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Foods -- General
Why would home churned butter have the consistency of milk with butter added?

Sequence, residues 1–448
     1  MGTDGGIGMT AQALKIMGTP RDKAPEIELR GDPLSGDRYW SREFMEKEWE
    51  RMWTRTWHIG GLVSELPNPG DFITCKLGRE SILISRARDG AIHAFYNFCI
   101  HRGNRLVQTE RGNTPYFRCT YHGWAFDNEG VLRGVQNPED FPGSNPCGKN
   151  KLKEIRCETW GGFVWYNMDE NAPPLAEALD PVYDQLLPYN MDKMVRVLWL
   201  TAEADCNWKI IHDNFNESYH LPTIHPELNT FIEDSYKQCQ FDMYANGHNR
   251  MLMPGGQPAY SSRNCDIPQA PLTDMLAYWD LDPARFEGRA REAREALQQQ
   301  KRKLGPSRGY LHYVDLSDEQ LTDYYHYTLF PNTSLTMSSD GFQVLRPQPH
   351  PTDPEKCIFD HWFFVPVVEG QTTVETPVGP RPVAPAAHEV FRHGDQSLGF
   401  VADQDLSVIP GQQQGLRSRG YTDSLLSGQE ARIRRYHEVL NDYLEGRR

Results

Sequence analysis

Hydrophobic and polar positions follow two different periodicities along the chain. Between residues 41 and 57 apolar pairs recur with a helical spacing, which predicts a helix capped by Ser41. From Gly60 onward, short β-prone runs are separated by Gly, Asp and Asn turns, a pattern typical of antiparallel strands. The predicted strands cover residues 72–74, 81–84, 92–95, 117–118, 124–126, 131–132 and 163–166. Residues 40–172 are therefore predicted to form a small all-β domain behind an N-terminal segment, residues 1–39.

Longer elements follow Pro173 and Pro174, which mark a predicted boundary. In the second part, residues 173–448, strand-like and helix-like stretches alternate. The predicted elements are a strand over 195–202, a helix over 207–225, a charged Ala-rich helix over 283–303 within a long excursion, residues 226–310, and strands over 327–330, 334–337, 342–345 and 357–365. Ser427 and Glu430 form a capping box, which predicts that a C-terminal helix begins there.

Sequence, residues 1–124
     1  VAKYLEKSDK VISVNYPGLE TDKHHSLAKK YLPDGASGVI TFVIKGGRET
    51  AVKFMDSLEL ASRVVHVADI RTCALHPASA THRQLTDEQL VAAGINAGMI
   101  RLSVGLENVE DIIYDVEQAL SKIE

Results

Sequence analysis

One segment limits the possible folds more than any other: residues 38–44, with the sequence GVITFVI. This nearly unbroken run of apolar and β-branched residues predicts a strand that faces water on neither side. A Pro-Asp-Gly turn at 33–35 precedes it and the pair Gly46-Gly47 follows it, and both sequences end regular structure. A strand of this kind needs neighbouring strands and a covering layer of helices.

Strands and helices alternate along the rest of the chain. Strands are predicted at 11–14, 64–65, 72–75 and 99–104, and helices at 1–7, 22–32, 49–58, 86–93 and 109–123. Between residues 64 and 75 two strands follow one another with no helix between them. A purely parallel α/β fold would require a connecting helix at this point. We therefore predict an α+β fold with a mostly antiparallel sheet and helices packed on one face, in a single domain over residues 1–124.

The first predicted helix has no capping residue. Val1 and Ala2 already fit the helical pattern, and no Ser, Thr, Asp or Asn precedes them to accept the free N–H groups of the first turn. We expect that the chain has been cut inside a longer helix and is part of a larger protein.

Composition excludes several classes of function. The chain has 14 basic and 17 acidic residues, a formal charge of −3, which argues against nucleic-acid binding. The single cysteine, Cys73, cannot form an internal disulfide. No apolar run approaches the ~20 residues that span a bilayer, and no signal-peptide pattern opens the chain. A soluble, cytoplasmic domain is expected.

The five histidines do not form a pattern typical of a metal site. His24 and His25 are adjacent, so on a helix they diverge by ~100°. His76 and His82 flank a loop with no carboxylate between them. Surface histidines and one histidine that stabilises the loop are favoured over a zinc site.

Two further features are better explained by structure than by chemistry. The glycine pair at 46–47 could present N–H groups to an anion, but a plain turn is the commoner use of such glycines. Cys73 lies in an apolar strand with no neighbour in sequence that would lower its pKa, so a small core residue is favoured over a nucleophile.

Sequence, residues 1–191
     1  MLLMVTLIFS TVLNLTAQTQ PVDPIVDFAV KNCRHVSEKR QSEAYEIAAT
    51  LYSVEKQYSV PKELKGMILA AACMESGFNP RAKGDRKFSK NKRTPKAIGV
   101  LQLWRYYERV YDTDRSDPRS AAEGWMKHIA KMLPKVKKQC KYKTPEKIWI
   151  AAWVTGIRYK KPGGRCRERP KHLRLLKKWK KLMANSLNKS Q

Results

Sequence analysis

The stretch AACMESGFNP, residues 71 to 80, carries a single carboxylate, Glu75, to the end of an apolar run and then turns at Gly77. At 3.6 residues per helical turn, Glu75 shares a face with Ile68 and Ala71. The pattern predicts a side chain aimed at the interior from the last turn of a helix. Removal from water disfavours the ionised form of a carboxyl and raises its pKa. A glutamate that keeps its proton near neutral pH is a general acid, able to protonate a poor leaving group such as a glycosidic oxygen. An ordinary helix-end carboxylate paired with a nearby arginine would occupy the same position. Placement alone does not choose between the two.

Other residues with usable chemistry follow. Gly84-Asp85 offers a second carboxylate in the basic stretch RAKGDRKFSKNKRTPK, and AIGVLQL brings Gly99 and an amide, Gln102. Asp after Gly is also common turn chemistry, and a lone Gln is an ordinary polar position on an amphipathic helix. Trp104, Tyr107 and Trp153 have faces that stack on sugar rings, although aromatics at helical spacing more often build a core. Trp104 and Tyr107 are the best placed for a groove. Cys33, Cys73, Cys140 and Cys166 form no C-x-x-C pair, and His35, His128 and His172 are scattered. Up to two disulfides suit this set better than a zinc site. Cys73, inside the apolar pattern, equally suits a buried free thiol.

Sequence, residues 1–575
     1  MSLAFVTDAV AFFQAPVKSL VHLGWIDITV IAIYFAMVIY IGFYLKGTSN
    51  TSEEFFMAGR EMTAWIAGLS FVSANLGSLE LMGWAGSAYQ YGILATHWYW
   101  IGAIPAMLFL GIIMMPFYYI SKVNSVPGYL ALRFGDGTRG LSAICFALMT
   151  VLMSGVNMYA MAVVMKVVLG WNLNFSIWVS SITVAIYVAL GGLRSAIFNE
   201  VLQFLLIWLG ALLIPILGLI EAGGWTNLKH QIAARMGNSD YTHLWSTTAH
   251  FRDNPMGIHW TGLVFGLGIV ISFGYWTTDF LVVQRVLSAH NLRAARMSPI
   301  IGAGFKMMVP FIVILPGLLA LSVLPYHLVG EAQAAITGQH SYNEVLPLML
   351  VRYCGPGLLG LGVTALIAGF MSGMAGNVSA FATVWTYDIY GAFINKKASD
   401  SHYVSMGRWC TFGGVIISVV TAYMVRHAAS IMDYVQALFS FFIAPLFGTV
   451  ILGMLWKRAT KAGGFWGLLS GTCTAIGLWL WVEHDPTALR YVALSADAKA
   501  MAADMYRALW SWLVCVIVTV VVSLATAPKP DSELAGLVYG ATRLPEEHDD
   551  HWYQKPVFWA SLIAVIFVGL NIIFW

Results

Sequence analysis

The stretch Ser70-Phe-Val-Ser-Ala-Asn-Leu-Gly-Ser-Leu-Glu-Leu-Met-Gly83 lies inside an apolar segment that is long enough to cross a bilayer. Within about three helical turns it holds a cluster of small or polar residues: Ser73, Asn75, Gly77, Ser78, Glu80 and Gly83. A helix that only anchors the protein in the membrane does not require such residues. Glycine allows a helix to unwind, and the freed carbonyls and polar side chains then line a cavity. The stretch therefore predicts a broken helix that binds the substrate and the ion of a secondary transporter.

Buttermilk is a cultured-milk product. To produce a good-cultured milk product, you need the following: 1) a source of good-flavored, low-bacteria milk; 2) high heat treatment of the milk (in order to destroy competitive organisms; 3) an active, properly functioning, appropriate starter; 4) quick chilling of the cultured product; and 5) high standards of sanitation. (After reviewing the above, I believe that we should not recommend making buttermilk at home because of all of the potential sources for contamination.) To further illustrate the complexity of making buttermilk, please read below. The industrial process for making buttermilk is as follows: Skim or partially skimmed milk is pasteurized at 185 degrees F for 30 minutes and cooled to 72 degrees F. Heat denaturation of the whey proteins by this treatment is desired to increase the viscosity and body of the product. The cooled milk is inoculated with 1.0 percent active lactic starter culture composed of S. lactis, S. cremoris, and L. citrovorum. The inoculated milk is held at 70 to 72 degrees F until the titratable acidity is 0.85 percent or higher, or the pH is 4.5 or below (12 to 14 hours). The buttermilk is now cooled to 40 degrees F, rapidly and with minimum agitation, and filled into appropriate containers. The temperature of the inoculated milk is quite important. The optimum temperature for the growth of flavor-forming bacteria is 68 degrees F, while the optimum temperature for acid-forming bacteria is 86 degrees F. At a temperature below 68 degrees F, insufficient acid is produced and the product is "flat" in flavor. Above 75 degrees F, the acidity becomes excessive and the flavor is "harsh" and "coarse."